A military activist is claiming "decisive" victory after an Air Force commander at a Delaware base reportedly disavowed an email sent earlier this month by his secretary to his entire squadron that encouraged personnel to participate in a Christian toy drive.
Operation Christmas Child
As TheBlaze previously reported, Military Religious Freedom Foundation president Mikey Weinstein took aim this week at Lt. Col. Donald C. Tasker's office at Dover Air Force Base in Dover, Delaware, for reportedly sending the email urging individuals to help fill shoe boxes for Operation Christmas Child, a nonprofit group that sends toys and the gospel message to children around the globe.
After Weinstein previously called the email, which was reportedly forwarded by Valencia Branch, administrative assistant for Tasker, “an absolutely unambiguous endorsement of [Operation Christmas Child]," the commander reportedly sent a follow-up email to the entire squadron separating himself and his office from the contents of the message.
"Recently an email ... was forwarded to the entire 436 Force Support Squadron. The invitation included in that email also contained language supporting the Christian faith and encouraged participation in this event as an act of Christian faith," Tasker reportedly wrote. "I want to be absolutely clear that the email in question was not sent at my direction and is not endorsed in any way by me or any level of command."
The commander went on to highlight what is and is not permissible when it comes to the contenst of government emails, writing that they "cannot violate the Joint Ethics Regulation, which prohibits the endorsement of non-federal entity or event by a DoD employee in their official capacity," and explaining that these messages also can't appear to endorse religion.
Weinstein is calling the apparent repudiation of the Operation Christmas Child email a clear win for his organization, which had threatened to sue if Tasker did not take responsive action.
"Our clients are delighted that this is a total victory," Weinstein told Military.com on Tuesday. "But it's not a victory for anything other than the U.S. Constitution and the Air Force doing the right thing."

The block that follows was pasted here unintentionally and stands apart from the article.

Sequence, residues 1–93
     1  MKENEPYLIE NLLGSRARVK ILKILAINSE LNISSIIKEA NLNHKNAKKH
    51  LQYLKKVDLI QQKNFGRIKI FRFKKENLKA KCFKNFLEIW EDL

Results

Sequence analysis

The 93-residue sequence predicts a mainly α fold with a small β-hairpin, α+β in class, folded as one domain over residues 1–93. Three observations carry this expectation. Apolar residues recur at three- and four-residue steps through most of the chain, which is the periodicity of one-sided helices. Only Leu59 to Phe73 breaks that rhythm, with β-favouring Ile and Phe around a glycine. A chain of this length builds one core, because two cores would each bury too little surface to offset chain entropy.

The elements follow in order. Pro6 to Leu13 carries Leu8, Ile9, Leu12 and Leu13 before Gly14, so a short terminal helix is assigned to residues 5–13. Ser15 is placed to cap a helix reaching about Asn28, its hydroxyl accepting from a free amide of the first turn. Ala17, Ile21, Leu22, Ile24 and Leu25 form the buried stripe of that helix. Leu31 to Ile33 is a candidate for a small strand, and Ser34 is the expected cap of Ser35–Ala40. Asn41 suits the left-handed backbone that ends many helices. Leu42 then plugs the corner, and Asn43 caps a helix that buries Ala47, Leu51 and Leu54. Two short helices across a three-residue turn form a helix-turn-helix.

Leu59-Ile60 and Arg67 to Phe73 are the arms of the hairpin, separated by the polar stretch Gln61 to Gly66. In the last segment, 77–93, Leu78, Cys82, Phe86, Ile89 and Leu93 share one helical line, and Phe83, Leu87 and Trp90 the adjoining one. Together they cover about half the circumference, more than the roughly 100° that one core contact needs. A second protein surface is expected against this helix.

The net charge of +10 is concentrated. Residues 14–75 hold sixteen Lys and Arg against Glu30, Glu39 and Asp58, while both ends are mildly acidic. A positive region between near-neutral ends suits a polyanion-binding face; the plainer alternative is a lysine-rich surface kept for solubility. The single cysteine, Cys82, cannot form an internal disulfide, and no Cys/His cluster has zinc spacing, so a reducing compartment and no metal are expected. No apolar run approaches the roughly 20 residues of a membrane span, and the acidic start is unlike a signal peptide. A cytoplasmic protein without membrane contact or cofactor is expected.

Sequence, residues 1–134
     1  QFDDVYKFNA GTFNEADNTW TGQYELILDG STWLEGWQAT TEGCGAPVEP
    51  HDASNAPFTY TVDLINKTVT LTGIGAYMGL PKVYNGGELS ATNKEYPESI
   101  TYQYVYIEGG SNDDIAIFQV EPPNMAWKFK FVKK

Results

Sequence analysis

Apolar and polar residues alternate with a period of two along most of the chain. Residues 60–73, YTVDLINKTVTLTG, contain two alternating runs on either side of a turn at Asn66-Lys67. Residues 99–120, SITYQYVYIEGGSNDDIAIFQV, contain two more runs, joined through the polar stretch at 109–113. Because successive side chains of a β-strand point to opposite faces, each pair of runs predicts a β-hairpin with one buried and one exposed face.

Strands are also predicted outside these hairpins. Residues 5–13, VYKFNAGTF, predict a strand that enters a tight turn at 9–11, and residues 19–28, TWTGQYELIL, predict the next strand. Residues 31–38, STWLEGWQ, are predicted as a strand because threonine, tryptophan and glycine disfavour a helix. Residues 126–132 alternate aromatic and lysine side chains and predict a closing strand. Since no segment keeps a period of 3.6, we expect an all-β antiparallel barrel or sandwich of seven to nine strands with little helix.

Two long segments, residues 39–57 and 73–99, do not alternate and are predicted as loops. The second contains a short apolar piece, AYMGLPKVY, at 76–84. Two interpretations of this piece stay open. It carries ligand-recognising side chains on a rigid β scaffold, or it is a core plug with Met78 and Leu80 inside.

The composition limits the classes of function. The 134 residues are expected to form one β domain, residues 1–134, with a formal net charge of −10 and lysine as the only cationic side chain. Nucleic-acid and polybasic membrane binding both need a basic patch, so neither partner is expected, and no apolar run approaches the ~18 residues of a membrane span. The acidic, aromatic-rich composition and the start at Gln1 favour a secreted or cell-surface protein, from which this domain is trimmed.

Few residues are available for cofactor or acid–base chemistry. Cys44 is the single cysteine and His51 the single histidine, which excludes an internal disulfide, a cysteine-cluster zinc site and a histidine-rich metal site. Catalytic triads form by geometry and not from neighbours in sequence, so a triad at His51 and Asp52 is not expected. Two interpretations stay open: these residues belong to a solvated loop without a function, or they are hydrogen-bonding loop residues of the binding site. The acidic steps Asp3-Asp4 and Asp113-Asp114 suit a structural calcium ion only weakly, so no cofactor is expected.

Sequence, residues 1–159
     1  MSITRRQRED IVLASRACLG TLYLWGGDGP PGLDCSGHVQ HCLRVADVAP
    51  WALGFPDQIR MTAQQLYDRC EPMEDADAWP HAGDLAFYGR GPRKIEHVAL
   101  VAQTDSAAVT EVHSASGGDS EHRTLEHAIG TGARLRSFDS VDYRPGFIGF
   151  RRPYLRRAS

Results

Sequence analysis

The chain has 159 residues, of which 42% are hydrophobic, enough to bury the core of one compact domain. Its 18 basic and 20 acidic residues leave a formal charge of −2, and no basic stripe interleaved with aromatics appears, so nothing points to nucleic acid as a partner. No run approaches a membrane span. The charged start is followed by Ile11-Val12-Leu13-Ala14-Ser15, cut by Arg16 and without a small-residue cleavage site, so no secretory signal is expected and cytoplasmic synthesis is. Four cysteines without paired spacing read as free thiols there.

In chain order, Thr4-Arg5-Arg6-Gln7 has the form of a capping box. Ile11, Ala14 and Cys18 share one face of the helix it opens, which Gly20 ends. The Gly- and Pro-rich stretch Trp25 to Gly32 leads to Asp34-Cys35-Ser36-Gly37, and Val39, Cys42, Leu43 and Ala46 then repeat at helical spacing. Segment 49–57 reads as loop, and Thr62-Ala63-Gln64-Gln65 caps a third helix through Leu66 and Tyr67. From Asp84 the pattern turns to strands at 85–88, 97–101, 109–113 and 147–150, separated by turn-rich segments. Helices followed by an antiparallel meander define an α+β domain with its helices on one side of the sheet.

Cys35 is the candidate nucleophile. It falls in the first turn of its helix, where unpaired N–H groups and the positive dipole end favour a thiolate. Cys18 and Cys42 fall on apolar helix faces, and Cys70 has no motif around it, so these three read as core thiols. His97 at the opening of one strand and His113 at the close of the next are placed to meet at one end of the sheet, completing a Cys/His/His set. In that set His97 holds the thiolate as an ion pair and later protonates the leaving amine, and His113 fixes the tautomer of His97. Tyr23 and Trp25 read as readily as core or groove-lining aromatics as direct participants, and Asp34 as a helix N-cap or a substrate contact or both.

Though his client's demands were met after he complained about the Operation Christmas Child email, Weinstein said that Tasker's quick response won't matter unless there's an investigation and those involved are punished.
As previously reported, debate touched off after 14 unnamed personnel at the Air Force base complained to Weinstein about the email, which called for staff to assemble boxes to “show children in desperate situations that God loves and values them,” adding that many of the children “have never heard of God’s incredible Gift of Salvation though His Son."
Operation Christmas Child
But Ron Crews, executive director of the Chaplain Alliance for Religious Liberty, took a different view from Weinstein, defending both Branch and the email and claiming that no policies were violated.
"We should be commending members of the Air Force, not condemning them for wanting to serve orphans," he said in a statement. "The e-mail announcing a volunteer opportunity in no way violates any Air Force policy or regulations, especially since the program involved is a federally approved charity."
Read more about the initial controversy here.
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